\"Lorna

Lorna Sixsmith, aka Irish Farmerette pictured with her husband Brian Photo by: Irishfarmerette.com

Nine pieces of advice for those considering marrying an Irish farmer

\"Lorna

Lorna Sixsmith, aka Irish Farmerette pictured with her husband Brian Photo by: Irishfarmerette.com

6. Single Mum for Ten Months of the Year

Driving children to activities coincides with milking cows. You might have friends who go to the hairdresser on a Saturday while their husband brings the children to football. Forget about the hairdresser – you’ll be standing at the side of the football ground. Fancy a quiet peaceful hour in the evenings? – you might get it if you’re waiting in the car outside a Scout hut. Remember too that most farms are at least 20 minutes drive from all these activities so it is a case of doing the grocery shopping or sitting in the car as it’s not worthwhile heading home and back in.

7. Scrub up well?

Farmers aren’t known for their dress sense but for hard wearing jeans, t-shirts, warm jumpers, dirty wellies and yes, splattered with much on occasion. One advantage is that when he (and you!) do get scrubbed up for a night out, that you both look pretty impressed with each other and fall in love all over again.

8. Chauffeuring again

Going on holidays or travelling different roads than he normally would means that your farmer husband has lots of entertain him when he does wake up occasionally in the passenger seat – as long as you’re not driving along the motorway!  Looking over the ditches to see what crops are going, how they are yielding, at the quality of the grass, if silage has been cut yet, whether the cows look in fine fettle or not – it’s all fascinating to a farmer. Expect your conversation to be interrupted by ‘they have their cows out already’, ‘wouldn’t it be lovely to have a dry farm in Cork’, ‘those cattle could do with feeding up’, ‘that silage is light/heavy’ etc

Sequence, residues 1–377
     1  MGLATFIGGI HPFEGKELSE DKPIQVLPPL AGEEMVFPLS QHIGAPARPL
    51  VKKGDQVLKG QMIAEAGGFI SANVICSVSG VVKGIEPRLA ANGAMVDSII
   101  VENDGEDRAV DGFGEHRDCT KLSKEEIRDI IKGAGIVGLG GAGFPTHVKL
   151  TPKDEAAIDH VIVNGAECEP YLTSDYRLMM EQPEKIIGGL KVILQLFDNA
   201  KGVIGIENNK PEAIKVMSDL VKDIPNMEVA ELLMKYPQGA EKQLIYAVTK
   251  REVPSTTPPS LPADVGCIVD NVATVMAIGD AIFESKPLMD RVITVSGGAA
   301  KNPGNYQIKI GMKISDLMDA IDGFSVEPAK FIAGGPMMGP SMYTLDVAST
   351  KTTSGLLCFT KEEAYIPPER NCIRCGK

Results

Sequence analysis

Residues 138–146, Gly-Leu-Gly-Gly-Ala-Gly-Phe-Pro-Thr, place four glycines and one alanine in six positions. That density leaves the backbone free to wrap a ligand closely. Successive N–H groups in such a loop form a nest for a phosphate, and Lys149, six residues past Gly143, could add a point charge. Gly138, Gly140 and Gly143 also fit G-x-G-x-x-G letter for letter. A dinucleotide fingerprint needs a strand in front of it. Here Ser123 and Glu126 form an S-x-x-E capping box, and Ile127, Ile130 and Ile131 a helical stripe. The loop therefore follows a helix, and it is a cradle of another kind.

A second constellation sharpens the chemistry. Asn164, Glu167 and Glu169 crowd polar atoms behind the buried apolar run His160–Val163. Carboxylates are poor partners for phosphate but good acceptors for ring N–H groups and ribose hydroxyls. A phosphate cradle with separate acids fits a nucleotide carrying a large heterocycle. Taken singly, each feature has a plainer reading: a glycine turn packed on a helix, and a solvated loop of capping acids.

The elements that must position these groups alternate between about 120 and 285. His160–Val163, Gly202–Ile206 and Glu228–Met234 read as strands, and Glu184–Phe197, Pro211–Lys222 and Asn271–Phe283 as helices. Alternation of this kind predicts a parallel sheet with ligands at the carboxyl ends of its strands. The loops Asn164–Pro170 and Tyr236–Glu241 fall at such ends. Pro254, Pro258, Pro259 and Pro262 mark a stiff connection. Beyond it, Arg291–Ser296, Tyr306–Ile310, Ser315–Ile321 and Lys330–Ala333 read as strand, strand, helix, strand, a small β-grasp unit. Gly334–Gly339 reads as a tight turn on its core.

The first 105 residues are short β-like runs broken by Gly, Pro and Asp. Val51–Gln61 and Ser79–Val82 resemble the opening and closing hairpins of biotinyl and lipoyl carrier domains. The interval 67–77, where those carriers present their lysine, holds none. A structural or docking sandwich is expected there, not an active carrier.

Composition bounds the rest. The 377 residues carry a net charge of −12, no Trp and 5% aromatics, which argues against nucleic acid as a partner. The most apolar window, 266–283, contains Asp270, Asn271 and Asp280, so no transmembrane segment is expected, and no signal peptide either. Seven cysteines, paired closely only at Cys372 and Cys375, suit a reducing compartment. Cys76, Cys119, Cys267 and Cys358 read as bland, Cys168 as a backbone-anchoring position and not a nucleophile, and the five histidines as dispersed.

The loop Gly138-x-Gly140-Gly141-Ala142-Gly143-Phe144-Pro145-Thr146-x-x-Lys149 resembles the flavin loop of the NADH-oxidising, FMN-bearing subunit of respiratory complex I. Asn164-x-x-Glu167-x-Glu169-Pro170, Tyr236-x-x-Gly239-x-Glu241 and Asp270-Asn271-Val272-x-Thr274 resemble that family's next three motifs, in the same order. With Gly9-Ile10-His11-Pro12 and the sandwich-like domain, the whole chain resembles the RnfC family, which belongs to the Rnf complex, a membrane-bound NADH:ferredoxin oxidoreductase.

9. Telepathic Wives Required

Being telepathic is handy. We usually have our main meal at 3:30 when the children are home from school. When they are on holidays, it tends to be a bit earlier, 2:30-3ish. I tend to text him to let him know it will be ready shortly as heaven forbid he might have to waste 5 minutes waiting for it. However, even texting him may get a reply that says ‘be home in an hour’ or perhaps no reply at all and then he wonders why the dinner is dry/burnt/less appetizing.  However, my cooking is sometimes not the best to start with so blaming lateness can sometimes be handy!

Would You Marry A Farmer - The Confessions Of An Irish Farmerette - Fund It

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